DALLAS — Major colleges and universities face growing risks after boosting subsidies for sports programs by 25% over the last five years, according to a report from Moody's Investors Service.

The report, "Eye on the Ball: Big-Time Sports Pose Growing Risks for Universities," found that about 90% of Division I athletic programs are not self-sustaining and can siphon funds from other university operations.

"On an average basis, the athletic operating expenses of Division I universities have nearly doubled since 2004 compared to 58% for total expenses," wrote Moody's senior analyst Dennis M. Gephardt.

"The operations of athletic systems can be volatile with uptick sometimes driven by outsized expenses such as paying penalties as a result of NCAA sanctions or paying a new high-profile head coach along with one who was dismissed but is still paid in order to fulfill his or her contract," Gephardt noted.

The risks go beyond the financial and include reputational risks if a program become embroiled in scandal, analysts said.

Other risks include potential litigation over head injuries and possible movement away from the amateur athlete model, they added.

A series of conference realignments reflect the growing competition for students and money from television contracts, analysts said.

Texas A&M University launched its $450 million stadium expansion after the university switched from the Big 12 to the Southeast Conference.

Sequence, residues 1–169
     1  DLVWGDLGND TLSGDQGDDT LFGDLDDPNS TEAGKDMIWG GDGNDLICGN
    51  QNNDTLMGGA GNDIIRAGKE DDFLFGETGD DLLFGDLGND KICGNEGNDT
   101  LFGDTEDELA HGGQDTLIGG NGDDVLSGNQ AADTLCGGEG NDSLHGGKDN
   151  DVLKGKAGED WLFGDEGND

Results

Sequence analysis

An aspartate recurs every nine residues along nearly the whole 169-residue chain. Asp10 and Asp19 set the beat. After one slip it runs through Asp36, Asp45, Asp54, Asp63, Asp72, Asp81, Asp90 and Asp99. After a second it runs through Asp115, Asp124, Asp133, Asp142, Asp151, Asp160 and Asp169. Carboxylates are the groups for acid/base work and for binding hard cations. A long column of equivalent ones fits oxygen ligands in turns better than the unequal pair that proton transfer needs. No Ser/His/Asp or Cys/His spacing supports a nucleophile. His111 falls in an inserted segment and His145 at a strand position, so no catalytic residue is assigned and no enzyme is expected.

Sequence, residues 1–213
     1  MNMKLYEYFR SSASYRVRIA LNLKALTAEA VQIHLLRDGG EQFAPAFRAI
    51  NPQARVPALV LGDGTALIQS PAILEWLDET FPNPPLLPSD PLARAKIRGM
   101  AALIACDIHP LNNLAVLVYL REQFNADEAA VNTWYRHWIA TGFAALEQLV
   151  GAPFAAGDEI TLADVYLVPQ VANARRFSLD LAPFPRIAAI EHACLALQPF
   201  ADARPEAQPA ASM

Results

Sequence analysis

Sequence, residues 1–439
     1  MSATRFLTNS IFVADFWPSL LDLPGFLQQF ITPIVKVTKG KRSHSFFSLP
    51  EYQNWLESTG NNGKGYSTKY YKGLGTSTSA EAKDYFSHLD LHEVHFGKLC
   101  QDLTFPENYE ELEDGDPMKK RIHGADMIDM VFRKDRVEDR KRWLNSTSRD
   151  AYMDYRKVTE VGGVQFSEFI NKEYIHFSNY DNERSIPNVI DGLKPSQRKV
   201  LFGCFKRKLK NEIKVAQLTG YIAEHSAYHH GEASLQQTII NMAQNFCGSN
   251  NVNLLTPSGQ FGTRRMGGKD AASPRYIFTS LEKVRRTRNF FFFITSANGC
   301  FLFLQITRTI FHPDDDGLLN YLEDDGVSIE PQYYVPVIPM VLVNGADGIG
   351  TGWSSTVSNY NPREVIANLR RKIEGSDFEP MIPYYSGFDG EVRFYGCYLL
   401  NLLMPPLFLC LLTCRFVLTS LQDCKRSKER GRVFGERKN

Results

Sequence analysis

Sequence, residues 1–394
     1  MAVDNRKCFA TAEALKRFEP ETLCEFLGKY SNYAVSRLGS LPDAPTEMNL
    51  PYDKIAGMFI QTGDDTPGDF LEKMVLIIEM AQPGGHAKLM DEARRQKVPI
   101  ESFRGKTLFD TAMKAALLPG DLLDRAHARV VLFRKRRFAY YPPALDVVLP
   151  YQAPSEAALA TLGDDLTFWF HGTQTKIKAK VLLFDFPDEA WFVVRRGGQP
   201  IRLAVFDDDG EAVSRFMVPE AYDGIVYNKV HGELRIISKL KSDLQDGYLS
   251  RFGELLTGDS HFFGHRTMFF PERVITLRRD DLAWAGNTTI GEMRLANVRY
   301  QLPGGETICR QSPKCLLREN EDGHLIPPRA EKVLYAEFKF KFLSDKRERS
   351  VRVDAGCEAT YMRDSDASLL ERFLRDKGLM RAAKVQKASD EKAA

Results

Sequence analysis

The university issued $350 million of revenue bonds for the project in September. It is expected to be finished in 2015.

With a capacity of 102,500, Texas A&M's expanded Kyle Field will rank as the largest in the SEC, just 45 seats more than the University of Tennessee's remodeled Neyland Stadium in Knoxville.

Moody's analysts noted that universities are willing to pay large penalties for a conference switch that provides a higher media profile.

West Virginia University, rated Aa3 with a stable outlook by Moody's, paid $20 million to leave the Big East Conference and join the Big 12. The university will receive an annual media rights revenue distribution of about $20 million, which is significantly higher than the annual payout to universities in the Big East.

Much of the excitement at Texas A&M is based on the fortunes of one player, Heisman-trophy-winning quarterback Johnny Manziel. If Manziel were to suffer a season-ending injury, the impact on attendance and interest in the team could be at risk.

"While budgets for intercollegiate athletics already incorporate the costs of near-term injuries to student-athletes, the longer-term costs of injuries are uncertain," the Moody's report said. "Changing standards around the treatment of football head injuries could increase the costs of college football programs. The NCAA is subject to litigation risk related to concussions sustained by former student-athletes with potential financial consequences for the association."

Another risk to college sports programs is a legal challenge to the athletes' status as amateurs.

Plaintiffs in a case known as the NCAA Student-Athletes Name & Likeness Licensing Litigation or O'Bannon v. NCAA, filed in July 2009, contend that the NCAA acts in violation of The Sherman Antitrust Act and improperly licenses the players' likenesses and violates the players' right of publicity.

"While the case initially involved only former players, the related credit risk to the NCAA and its members would increase if it were to incorporate current players as well as broaden claims on revenues related to the media and licensing revenue driven by student-athlete competition," the report said.

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